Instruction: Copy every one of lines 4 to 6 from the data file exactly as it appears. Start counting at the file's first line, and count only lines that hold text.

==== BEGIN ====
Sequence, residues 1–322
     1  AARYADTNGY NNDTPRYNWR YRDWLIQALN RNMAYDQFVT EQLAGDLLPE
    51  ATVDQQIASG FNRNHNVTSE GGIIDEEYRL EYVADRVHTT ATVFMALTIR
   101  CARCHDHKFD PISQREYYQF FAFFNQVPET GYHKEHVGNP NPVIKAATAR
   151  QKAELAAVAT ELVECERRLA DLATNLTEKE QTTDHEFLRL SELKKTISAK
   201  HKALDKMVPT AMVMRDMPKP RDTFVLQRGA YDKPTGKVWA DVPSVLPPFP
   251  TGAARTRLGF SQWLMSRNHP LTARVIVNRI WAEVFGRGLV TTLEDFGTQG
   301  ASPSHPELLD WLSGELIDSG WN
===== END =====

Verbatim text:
   101  CARCHDHKFD PISQREYYQF FAFFNQVPET GYHKEHVGNP NPVIKAATAR
   151  QKAELAAVAT ELVECERRLA DLATNLTEKE QTTDHEFLRL SELKKTISAK
   201  HKALDKMVPT AMVMRDMPKP RDTFVLQRGA YDKPTGKVWA DVPSVLPPFP